Solution 2: In Windows 7, Use ReadyBoost. If you're short on memory and running Windows 7, ReadyBoost lets you use a USB flash drive or flash memory card to boost your computer's performance. Plug a ReadyBoost-compatible storage device into your computer, and ReadyBoost can borrow the device's memory to speed up your computer's performance.

Problem: Viruses, Spyware, and other Malware

Viruses, spyware, and other malicious software (or "malware") are always bad news, but they're more likely to cause problems on older computers. Older computers usually have less memory than newer computers, so the impact of memory-hogging malware is more apparent on an older computer.

Solution: Remove Malware. If you're going to run an old computer, you have to keep it clean if you expect it to perform. That means making sure you have a comprehensive antivirus solution installed, and that your definitions are up-to-date. Run a complete antivirus scan and remove any suspicious items. Then do the same with a separate anti-spyware tool.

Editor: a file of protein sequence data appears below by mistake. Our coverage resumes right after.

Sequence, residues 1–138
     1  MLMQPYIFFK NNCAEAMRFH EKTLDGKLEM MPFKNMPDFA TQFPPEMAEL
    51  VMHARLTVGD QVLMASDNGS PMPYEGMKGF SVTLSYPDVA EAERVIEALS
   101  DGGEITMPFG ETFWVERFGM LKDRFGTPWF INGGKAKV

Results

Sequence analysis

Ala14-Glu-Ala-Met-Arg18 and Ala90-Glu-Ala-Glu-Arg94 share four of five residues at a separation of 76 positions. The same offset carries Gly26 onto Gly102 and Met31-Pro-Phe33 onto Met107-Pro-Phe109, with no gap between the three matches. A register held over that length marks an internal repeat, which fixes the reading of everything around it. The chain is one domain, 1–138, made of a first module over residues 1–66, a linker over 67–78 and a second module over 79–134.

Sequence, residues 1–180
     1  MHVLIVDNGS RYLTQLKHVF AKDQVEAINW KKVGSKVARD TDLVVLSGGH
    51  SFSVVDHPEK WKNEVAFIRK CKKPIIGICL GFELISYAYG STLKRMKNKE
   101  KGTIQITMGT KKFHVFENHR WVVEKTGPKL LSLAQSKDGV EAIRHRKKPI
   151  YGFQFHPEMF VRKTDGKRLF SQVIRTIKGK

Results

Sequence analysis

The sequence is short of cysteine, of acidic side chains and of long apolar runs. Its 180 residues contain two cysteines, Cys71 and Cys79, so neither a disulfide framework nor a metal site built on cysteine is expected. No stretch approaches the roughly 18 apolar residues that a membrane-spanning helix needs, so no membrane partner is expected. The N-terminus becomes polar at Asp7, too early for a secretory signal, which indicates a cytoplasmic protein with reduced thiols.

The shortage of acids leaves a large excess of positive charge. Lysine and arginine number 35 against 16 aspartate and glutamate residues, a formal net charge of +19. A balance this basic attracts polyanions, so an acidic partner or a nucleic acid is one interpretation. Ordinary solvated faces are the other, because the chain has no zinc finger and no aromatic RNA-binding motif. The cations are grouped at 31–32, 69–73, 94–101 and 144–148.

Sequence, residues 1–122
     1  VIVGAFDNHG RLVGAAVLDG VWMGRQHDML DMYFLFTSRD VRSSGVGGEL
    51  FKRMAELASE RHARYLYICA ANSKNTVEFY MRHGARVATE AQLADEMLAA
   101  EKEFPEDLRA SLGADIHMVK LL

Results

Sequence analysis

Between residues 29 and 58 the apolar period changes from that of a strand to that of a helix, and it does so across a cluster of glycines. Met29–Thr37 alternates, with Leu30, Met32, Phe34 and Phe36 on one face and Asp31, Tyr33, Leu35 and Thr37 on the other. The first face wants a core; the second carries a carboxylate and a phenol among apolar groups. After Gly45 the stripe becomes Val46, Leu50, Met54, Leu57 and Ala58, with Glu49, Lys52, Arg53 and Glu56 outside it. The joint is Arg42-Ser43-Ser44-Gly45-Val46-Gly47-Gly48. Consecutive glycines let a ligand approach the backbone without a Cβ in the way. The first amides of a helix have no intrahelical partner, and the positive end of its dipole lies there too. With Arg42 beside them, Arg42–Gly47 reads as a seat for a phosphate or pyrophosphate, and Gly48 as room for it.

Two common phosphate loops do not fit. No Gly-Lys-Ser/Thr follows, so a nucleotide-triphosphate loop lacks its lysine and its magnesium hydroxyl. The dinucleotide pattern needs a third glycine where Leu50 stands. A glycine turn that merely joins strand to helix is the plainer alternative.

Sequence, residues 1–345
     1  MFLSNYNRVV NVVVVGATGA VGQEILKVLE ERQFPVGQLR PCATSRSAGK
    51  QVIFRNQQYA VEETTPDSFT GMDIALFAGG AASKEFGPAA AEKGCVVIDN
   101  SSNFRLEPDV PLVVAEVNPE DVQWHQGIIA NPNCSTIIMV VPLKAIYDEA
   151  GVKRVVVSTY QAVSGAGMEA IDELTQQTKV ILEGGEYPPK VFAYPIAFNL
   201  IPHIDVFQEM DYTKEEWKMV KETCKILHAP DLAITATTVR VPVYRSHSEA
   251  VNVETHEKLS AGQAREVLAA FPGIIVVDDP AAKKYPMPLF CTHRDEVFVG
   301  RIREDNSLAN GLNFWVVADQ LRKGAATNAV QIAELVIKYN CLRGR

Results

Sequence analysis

Learn more about tools for removing malware in TechSoup's article, Protecting Your Organization From Spyware.

Preventing Software Problems

Performing regular maintenance will help prevent problems with your operating system and other software. That means:

  • Installing patches and updates from the software vendor when they are released.
  • Performing regular virus and spyware cleanup.
  • If you're a Windows user, periodically defragmenting the hard drive.
  • Installing only the software you need to do your work.

What Can Go Wrong with Hardware?

There's basically only one thing that goes wrong with hardware: it breaks. Broken means worn out, bent, cracked, smashed, burnt out, or otherwise inoperable. If it's not broken, the problem isn't with the hardware.